On March 25, 2014, hot on the heels of its acquisition of messaging service WhatsApp, the social-networking behemoth that is Facebook announced that it would be purchasing the VR headset company, Oculus VR – famous for the Oculus Rift gaming device, which was originally funded on Kickstarter – in a staggering US$ 2bn deal, a deal that is expected to close in the second quarter of 2014.
Facebook wants eventually to be able to utilize the Rift’s technology for media, communications and entertainment – which presumably still includes the kind of gaming the Rift was initially designed for.
In fact, the Rift’s immediate future looks set to remain centered on its gaming capabilities. After all, according to David Ebersman, Facebook’s CFO, that was what made Oculus VR worth US$ 2bn in the first place.
On his Facebook page, CEO Mark Zuckerberg posted this: “Immersive gaming will be the first, and Oculus already has big plans here that won’t be changing and we hope to accelerate. The Rift is highly anticipated by the gaming community, and there’s a lot of interest from developers in building for this platform. We’re going to focus on helping Oculus build out their product and develop partnerships to support more games. Oculus will continue operating independently within Facebook to achieve this.”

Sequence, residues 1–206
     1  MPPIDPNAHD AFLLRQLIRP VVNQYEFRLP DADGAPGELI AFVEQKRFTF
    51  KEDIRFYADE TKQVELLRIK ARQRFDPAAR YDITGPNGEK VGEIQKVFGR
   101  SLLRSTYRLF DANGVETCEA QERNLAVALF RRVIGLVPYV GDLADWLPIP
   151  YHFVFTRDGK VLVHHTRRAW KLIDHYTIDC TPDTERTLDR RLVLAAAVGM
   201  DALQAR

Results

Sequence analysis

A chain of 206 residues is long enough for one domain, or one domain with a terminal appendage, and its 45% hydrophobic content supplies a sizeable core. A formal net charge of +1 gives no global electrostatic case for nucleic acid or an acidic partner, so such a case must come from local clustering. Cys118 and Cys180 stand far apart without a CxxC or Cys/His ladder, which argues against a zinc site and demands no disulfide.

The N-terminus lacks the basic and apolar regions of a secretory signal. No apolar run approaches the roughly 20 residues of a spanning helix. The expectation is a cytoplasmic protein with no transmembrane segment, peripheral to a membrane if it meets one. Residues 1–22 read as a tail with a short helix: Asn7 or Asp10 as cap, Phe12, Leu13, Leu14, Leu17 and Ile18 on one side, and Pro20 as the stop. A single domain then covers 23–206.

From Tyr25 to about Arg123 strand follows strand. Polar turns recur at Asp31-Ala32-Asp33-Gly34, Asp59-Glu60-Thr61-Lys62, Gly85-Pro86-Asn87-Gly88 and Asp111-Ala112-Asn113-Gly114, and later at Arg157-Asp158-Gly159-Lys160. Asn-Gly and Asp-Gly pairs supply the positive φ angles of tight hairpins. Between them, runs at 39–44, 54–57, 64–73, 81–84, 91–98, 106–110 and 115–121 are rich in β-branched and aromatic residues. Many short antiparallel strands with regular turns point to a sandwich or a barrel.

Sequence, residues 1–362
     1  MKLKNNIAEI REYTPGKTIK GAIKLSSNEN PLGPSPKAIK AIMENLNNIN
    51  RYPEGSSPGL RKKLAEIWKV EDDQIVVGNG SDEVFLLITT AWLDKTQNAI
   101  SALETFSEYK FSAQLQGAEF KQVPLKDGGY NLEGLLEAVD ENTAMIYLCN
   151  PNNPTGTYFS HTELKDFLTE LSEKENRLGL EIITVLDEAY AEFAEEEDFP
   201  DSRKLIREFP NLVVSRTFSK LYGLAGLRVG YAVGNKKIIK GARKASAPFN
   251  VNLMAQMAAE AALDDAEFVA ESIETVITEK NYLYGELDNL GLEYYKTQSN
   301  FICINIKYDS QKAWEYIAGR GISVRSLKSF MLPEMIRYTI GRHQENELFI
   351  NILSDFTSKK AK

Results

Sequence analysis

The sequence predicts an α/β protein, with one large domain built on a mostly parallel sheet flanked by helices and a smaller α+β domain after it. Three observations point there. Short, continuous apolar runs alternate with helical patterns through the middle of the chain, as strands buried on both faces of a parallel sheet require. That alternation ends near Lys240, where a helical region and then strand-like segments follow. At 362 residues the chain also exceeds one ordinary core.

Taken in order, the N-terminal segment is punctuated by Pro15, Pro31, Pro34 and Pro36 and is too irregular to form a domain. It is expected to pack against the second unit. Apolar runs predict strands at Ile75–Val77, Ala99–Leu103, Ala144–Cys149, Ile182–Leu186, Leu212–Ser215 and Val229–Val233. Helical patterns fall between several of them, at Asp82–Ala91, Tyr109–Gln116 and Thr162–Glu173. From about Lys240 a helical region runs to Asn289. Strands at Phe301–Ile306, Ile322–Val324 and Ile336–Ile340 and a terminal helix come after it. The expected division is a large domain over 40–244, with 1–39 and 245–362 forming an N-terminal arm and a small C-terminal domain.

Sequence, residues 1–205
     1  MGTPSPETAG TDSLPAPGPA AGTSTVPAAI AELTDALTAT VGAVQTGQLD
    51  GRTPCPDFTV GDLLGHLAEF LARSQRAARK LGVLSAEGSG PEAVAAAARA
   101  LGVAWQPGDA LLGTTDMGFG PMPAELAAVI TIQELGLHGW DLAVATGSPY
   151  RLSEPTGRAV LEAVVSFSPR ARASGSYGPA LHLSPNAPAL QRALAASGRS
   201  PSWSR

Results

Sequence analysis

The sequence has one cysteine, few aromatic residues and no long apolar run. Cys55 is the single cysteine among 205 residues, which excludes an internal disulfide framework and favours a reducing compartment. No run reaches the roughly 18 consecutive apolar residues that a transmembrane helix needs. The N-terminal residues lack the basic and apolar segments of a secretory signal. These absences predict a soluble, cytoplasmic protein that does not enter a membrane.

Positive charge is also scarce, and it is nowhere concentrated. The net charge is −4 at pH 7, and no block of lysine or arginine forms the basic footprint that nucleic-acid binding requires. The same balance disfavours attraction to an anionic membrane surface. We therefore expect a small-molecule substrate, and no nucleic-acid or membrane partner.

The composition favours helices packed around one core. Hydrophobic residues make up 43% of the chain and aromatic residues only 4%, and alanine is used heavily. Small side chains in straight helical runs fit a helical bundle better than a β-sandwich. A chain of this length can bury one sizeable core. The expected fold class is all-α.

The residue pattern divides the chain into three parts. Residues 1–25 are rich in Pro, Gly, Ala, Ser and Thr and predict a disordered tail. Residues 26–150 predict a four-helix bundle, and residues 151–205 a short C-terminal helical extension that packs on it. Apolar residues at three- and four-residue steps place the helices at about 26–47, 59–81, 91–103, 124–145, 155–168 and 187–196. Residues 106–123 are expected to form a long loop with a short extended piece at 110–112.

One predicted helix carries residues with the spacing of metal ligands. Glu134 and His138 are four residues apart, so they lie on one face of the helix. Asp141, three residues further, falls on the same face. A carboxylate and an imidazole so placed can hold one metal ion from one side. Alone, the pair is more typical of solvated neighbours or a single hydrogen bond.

However, he continued, “this is just the start. After games, we’re going to make Oculus a platform for many other experiences. Imagine enjoying a court side seat at a game, studying in a classroom of students and teachers all over the world or consulting with a doctor face-to-face… Imagine sharing not just moments with your friends online, but entire experiences and adventures.”
According to Time magazine, Facebook doesn’t have a business model for Oculus yet, but it seems that the company won’t be basing its revenues on sales of headsets. Zuckerberg imagines instead, in an extension of his comments regarding the sharing of experiences and adventures, people dropping in to virtual environments where they can purchase goods and receive targeted publicity.
That might smack a little bit of the invasiveness of advertising envisaged in Minority Report, but then, here, you have a choice about whether to enter a virtual environment or not. At least for the time being.
Still, the technological possibilities are endless and, indeed, fascinating. The idea of hooking up with friends across the planet in a virtual space is mind-blowing.
Exciting times are ahead, that’s for sure. Keep your Oculus peeled.